Ulysses and the Golden Fleece (1981)   5 comments

Let’s get the title out of the way first: if you’re like me, you looked at it and felt slightly unsettled. Isn’t it supposed to be Jason and the Argonauts here? Allow Bob Davis (who collaborated on this one with Ken Williams) to explain:

VI [Videogaming Illustrated]: One last question. Why did you slip the Ulysses character into the story of Jason?

BD [Bob Davis]: I bastardized it because Columbia Pictures had made a movie about the subject, and I wanted to avoid potential copyright problems. Reality has to intercede somewhere!

He means the 1963 movie Jason and the Argonauts.

OK, fine, we’ll deal with a swap.

The interview clip above and this picture came from Videogaming Illustrated, Issue 3, December 1982. This looks more like Conan the Barbarian to me.

Amidst 1981, On-Line Systems (later Sierra) was busy at work on Roberta Williams’s Time Zone; in order to keep their Hi-Res Adventure series going, they released Cranston Manor in 1981, followed by Ulysses and the Golden Fleece.

VI: How did you become interested in computers?

BD: I’m actually a virgin — or rather, a rookie. I’ve only been at this a year. Before that, I sold chickens, and before that I was a professional musician. Not too glorious. Now I’m on staff at On-Line, where my job is programming, helping to come up with new games.

You start in a town-castle-forest area.

Head south and west and you reach a castle and are stopped by a guard.

If you leave without talking to the guard, you’ve softlocked the game, because the castle “no longer accepts visitors for the day”. Whoops. TALK GUARD lets you in to see the king.

The king tells you have “a legendary fleece of gold, far off to the north” and offers bags of gold and silver and a ship.

ASIDE: The Jason mythology has him as heir of the throne of Iolcus, but it gets taken by his half-uncle Pelias; Pelias sends Jason on what ought to be a suicide mission to get the Golden Fleece in order to get him out of the way. The king of this game gives the quest almost apathetically.

Here’s the forest:

There are two points of interest. A voice warns you about King Neptune, which is the only juicy plot-related tidbit so far.

There’s also a chest with a lock that looks “unfamiliar” but we can tote it along with us.

The city has a store with a nasty trick.

I mentioned getting a bag of silver from the king. The sign mentions you can pick seven items, but there are eight listed. So you have to pick the one item out of eight to leave out. I guessed the wood because it seems likely there might be a tree we could chop, but I have no idea for the moment.

The gold, incidentally, is used to recruit a crew…

HIRE CREW works while holding the bag of gold. It mentions that several men rush forward and “you think one of them is Hercules.” Is he incognito, pretending to be someone else? Is the eyepatch fake for a disguise?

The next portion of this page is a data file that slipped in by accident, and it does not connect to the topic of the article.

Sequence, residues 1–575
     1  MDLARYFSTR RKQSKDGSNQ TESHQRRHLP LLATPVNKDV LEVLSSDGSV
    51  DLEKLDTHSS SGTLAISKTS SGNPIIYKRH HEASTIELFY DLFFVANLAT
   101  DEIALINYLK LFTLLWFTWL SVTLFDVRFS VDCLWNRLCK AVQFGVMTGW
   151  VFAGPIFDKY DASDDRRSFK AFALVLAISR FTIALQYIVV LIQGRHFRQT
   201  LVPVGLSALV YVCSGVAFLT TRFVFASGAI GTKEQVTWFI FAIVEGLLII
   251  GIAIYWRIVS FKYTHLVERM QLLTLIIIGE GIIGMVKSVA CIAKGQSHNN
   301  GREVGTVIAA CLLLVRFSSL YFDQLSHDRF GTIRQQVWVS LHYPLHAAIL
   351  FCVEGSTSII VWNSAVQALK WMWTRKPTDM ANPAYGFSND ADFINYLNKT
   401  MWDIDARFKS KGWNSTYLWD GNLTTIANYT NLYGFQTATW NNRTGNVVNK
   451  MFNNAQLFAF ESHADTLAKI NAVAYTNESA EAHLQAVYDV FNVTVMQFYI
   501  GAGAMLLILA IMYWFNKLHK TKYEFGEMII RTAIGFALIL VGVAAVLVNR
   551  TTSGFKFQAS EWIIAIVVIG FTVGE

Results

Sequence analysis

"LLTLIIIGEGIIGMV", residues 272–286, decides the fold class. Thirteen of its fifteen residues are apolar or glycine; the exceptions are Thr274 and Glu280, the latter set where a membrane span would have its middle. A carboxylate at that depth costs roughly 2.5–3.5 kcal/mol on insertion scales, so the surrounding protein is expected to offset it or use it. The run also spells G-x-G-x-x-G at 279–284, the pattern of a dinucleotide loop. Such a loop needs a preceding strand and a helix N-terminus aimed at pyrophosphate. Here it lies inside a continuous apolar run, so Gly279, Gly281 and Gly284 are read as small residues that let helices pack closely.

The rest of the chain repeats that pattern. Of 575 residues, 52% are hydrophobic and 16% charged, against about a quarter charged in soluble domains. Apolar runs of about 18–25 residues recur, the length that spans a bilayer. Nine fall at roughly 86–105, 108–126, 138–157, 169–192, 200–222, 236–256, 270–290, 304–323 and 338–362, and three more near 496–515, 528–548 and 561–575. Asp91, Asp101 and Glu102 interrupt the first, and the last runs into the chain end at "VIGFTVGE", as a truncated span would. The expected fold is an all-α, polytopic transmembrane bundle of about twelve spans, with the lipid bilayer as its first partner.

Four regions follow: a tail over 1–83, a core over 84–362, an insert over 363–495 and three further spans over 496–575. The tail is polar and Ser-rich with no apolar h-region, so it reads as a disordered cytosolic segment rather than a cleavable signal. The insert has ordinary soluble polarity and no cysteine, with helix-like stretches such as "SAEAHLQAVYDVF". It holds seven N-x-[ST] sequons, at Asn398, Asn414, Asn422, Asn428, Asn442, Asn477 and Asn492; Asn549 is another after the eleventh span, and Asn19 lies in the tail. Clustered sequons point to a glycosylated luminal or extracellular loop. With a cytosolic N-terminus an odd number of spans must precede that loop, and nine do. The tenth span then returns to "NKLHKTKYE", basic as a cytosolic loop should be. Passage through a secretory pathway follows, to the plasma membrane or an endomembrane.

…who you can then lead to a ship at the king’s private dock.

Here I was horribly stuck. Getting on the deck of the ship I could LOOK SHIP


but couldn’t launch. Verbs like EMBARK and LAUNCH don’t work.

I finally hit upon GO OCEAN

but that sufficiently exhausted me I decided here was a good break point.

One last bit before I close out: south of the tavern where you can hire the crew you can run across a thief who steals your chest (which I still haven’t unlocked). The thief dumps the chest out in the forest so you can get it back, but it hasn’t changed any (I thought maybe the thief would unlock it for you and leave behind a “useless” item which was useful in an adventuring sense, but no dice). I’m still not sure what the whole point of the sequence is.

Posted November 4, 2020 by Jason Dyer in Interactive Fiction

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5 responses to “Ulysses and the Golden Fleece (1981)

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  1. That’s one meek-looking guard with the spear, there. “Gosh, sorry for stopping you, but…”

    Castles? In ancient Greece? (And Neptune is Roman… and the people’s dress looks vaguely like medieval Europe… and the architecture of the town… oh let’s just move on.)

  2. Interesting that GO OCEAN worked. My m week I was a kid my dad and I got stuck here. I think he called Sierra and we were told the command was CAST OFF. So, design points for multiple outs, but really– why were these somewhat awkward verbs chosen, in particular?!

    • There’s a rule someone coined — I want to say Carl Muckenhoupt, who also comments here, but I might be wrong — that if the hints for a game give a solution to a puzzle with two solutions, it’s the harder one to find.

      My suspicion is that an author writes what they think is a clever puzzle, realize from testing it is too hard, adds the new solution, but clings to the clever one. (That doesn’t quite explain the situation here since it isn’t even really a puzzle! But I could see the original script showing CAST OFF in the walkthrough, with GO OCEAN added later, and that’s what was given to the people to consult for hints.)

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